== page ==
APSN Banner

Can't all be local

Jakarta Post Editorial - June 12, 2024

Jakarta – The industry minister did not need to feel threatened when other ministers in President Joko "Jokowi" Widodo's cabinet recently suggested the abolition of a policy that requires a minimum threshold of locally sourced components in all domestically manufactured products.

Contrary to his fears, not all industry players have benefitted from the local content policy. When certain components or raw materials are unavailable in the country, the policy requires producers to endure high input costs, making their products less competitive in both domestic and export markets.

The government insists on enforcing the rule even though domestic industry cannot yet match the quality or scale needed to bring production costs down to the level that prevails overseas.

The policy has in many cases impeded the progress that the country badly needs, such as in the fields of public transportation and clean energy.

When the government pushed to have locally produced trains for the Greater Jakarta LRT, daily commuters were the ones who paid the price. The trains faced a myriad of problems just after they started to operate commercially last year, ranging from door malfunctions to premature wheel failure, all of which resulted in delays.

In the renewable energy sector, several investors decided to withhold their funding last year as they were unwilling to meet the local content requirements for a project that Indonesia would struggle to finance on its own.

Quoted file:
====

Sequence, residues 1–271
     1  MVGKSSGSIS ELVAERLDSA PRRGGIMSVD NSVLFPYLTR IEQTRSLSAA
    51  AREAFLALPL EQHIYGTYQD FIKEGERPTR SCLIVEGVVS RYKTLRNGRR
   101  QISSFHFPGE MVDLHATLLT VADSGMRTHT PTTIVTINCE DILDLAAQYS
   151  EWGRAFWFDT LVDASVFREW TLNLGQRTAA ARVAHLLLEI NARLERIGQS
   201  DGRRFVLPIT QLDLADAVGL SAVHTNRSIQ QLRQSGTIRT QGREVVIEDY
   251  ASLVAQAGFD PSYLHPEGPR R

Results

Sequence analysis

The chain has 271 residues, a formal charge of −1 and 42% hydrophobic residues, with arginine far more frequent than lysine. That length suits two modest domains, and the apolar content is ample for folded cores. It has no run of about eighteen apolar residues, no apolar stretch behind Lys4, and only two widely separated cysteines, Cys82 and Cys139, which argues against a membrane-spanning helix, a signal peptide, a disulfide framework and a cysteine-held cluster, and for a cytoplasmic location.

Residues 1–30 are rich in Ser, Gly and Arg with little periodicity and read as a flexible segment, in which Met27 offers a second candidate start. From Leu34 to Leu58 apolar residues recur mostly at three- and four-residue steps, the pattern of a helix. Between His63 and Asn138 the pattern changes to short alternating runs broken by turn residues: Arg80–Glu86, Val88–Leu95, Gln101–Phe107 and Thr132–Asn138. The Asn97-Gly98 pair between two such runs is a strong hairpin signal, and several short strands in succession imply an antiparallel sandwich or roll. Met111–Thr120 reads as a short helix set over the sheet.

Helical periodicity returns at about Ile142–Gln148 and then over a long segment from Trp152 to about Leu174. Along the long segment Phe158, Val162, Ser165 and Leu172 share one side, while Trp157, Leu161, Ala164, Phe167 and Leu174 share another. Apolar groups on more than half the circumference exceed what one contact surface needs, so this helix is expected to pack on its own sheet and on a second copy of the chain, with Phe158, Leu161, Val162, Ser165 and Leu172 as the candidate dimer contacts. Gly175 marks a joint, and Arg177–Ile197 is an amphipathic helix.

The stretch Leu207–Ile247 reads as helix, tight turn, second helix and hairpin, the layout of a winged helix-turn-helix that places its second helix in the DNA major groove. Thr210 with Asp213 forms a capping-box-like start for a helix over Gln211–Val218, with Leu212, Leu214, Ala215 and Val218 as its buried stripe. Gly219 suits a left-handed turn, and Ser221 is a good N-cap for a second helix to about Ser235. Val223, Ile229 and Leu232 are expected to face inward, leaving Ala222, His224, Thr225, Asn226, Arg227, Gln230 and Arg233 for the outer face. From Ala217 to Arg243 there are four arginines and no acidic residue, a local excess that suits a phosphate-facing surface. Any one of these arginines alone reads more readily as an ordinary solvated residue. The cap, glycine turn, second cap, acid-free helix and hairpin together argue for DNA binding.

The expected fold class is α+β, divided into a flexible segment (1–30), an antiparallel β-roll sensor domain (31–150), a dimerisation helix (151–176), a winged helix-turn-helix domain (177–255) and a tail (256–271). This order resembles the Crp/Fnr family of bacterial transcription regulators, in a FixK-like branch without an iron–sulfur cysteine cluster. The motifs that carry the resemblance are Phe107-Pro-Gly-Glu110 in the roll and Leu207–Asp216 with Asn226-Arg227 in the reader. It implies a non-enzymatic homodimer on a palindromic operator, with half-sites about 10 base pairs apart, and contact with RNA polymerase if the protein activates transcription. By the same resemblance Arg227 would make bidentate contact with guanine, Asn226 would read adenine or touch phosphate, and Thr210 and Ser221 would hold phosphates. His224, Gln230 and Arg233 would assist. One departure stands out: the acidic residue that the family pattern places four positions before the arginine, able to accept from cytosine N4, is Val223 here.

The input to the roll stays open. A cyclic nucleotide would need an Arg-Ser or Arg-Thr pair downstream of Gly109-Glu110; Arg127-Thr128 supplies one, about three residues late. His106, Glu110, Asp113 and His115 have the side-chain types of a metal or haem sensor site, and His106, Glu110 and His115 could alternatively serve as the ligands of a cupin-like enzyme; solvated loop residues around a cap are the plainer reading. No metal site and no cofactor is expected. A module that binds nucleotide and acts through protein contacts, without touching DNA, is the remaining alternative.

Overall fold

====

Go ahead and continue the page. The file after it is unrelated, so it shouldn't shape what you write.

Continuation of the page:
In an opinion article published by The Jakarta Post last week, staff of state electricity company PLN said the local content requirement had delayed some of the firm's renewable energy projects, thereby impeding the country's energy transition ambitions.

For businesses, imports are a reasonable option if raw materials and components are not sufficiently available in the country, whether in terms of quality or scale. Industrial policy should not get in the way of much-needed development such as clean energy and mass transportation. In short, the policy must serve the public interest.

Envisioning a flourishing domestic manufacturing sector is one thing, but realizing it is another. It will remain a dream unless actions are taken to build up industrial supply chains locally.

The local content threshold is only useful in cases where there are real local suppliers that we badly need to protect and if there is enough demand to absorb the output.

The government should have developed a plan to nurture specific industries for several years before enforcing the local content rule.

Having such rules is not necessarily a mistake, but it would be wrong if the government thought it could simply draft as many as regulations as it pleased without knowing how enforce them in a way that benefitted the country as a whole.

The policy reveals the government's lack of preparation and knowledge, including about whether it can bring in the investment required to set up the supply chains we need to responsibly implement the local content policy.

Other challenges include whether the country can benefit from transfers of technology and expertise needed to develop those supply chains, as we would not be able to do this on our own.

It is in both the government and the public's interest for the policy to be more selectively enforced. A gradual approach should be considered as it will give time for products to mature before being subject to the requirements.

We appreciate the Industry Ministry's willingness in May to ease local content rules for renewable energy development, although we have not yet seen whether the changes are having an effect. Either way, much more needs to be done, particularly in other sectors that deal with similar hindrances.

Source: https://www.thejakartapost.com/opinion/2024/06/12/cant-all-be-local.htm